Five Things You Don’t Know About Me…

Imagine my horror when, upon discovering that Henry Jenkins took me up on my tag to disclose his secrets to success (revealing, alas, that constant work does seem to be his main strategy), I also found that he had tagged me on the 5 things you don’t know about me thing several weeks ago and I managed not to notice. Yikes. shame on me. Bad blogger, no tags. So now that he has shared his far more interesting pieces of advice, I will humbly generate 5 things you may not know about me and then in the name of avoiding chain letters, pyramid schemes, good memes gone bad, and getting back on topic, I will set it to rest and not tag anyone else.

1. When I was 2 years old, my parents took me all over the world for a year: Denmark, Germany, Japan, Cambodia, India… When I got home, I asked where all the elephants were and why all the kids had shoes. I don’t remember any of this, though my dad, a great photographer, took many slides. I’ve got a picture in my dining room of 3-year-old me staring up in awe at carved goddesses at Angkor Wat . I attribute my inability to comprehend xenophobia, racism, homophobia and religious intolerance to that early experience of immersion in difference at a time when I must have been first learning the world’s boundaries.

2. My stepfather, a famous Keats scholar, raised me to be deeply spontaneously silly. When I was a kid there were a lot of family dinners where I’d be lying on the floor holding my sides trying to stop laughing while milk squirted out my nose on account of some hilarious thing he said. He used to park at the far end of the parking lot at fancy restaurants and do John Cleese silly walks up to the door. I laughed an awful lot at playful nonsense and it had a permanent effect on my approach to life.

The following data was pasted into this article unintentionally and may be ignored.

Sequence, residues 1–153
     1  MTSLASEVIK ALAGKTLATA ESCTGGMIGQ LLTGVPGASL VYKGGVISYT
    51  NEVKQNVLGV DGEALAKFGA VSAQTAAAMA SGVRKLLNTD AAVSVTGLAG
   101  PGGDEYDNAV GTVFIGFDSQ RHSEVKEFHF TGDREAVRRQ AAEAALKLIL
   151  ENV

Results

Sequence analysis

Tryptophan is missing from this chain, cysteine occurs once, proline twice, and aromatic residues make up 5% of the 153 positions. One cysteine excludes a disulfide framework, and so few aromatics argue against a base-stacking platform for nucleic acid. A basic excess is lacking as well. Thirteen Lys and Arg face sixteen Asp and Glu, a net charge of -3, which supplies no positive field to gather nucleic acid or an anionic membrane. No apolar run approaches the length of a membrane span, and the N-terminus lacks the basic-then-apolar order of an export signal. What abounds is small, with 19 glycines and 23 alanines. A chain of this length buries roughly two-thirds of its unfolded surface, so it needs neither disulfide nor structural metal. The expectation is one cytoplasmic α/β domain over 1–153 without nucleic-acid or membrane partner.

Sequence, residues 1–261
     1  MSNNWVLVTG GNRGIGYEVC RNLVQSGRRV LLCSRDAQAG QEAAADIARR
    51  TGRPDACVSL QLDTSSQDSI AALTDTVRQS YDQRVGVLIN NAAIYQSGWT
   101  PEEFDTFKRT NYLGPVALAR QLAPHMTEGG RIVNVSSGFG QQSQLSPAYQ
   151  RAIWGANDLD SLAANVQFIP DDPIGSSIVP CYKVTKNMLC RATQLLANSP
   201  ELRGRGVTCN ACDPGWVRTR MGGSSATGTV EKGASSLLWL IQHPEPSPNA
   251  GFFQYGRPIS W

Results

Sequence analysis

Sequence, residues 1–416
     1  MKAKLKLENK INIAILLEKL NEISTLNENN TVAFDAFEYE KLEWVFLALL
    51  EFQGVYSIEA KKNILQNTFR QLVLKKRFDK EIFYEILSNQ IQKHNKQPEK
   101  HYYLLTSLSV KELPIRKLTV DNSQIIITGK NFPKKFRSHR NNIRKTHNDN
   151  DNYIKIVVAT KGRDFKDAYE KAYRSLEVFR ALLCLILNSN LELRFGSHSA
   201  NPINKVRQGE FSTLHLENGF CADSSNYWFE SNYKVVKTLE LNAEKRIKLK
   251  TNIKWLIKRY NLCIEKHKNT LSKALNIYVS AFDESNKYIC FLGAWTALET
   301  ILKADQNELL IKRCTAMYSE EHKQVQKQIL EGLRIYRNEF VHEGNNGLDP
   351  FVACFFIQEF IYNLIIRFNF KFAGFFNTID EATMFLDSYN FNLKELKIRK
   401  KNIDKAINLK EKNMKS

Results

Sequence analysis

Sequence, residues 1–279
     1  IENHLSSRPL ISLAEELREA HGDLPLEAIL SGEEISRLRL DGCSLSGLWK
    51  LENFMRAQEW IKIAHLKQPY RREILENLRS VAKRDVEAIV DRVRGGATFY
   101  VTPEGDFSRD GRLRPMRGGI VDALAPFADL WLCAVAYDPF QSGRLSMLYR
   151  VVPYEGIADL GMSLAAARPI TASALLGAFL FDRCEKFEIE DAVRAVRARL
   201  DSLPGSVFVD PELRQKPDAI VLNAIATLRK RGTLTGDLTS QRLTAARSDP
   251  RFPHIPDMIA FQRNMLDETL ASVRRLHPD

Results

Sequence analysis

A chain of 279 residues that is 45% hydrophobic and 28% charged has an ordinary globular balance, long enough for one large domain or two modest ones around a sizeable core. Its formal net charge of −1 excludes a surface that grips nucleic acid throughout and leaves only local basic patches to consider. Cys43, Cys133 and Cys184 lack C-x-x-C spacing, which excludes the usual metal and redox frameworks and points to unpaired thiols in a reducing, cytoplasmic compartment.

3. In 5th grade, I calculated the age difference between Paul McCartney and myself and noted with despair that if things went wrong with Linda he was never going to marry anyone as young as me. And now he’s divorcing someone younger.

4. I had a profound mystical experience one sleepless teenage night. It was a total epiphiny in which infinity, the oneness of the universe, and my unity with all of this made complete intuitive sense and I felt giddy with bliss. A few months later, my English teacher brought an article from Life or somesuch magazine about mystical experiences to school and read it outloud to the class. In retrospect it seems pretty weird that she did that.

5. I took a lot of art classes as a child. This was my masterpiece:

The Chef

Unfortunately, he has no ears, but he is much beloved on his perch in my mother’s dining room, and I am always happy to see him when I travel home.

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